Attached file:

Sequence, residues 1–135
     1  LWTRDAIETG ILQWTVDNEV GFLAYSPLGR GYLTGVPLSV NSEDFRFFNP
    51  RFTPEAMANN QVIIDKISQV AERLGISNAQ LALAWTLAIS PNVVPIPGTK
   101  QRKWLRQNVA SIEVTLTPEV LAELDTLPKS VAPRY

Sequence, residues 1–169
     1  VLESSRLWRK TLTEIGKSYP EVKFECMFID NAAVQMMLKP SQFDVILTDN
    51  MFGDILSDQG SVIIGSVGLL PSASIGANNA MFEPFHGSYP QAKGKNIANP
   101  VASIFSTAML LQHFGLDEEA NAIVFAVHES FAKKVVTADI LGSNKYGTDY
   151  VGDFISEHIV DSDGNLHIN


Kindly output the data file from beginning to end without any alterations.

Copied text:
Sequence, residues 1–135
     1  LWTRDAIETG ILQWTVDNEV GFLAYSPLGR GYLTGVPLSV NSEDFRFFNP
    51  RFTPEAMANN QVIIDKISQV AERLGISNAQ LALAWTLAIS PNVVPIPGTK
   101  QRKWLRQNVA SIEVTLTPEV LAELDTLPKS VAPRY

Sequence, residues 1–169
     1  VLESSRLWRK TLTEIGKSYP EVKFECMFID NAAVQMMLKP SQFDVILTDN
    51  MFGDILSDQG SVIIGSVGLL PSASIGANNA MFEPFHGSYP QAKGKNIANP
   101  VASIFSTAML LQHFGLDEEA NAIVFAVHES FAKKVVTADI LGSNKYGTDY
   151  VGDFISEHIV DSDGNLHIN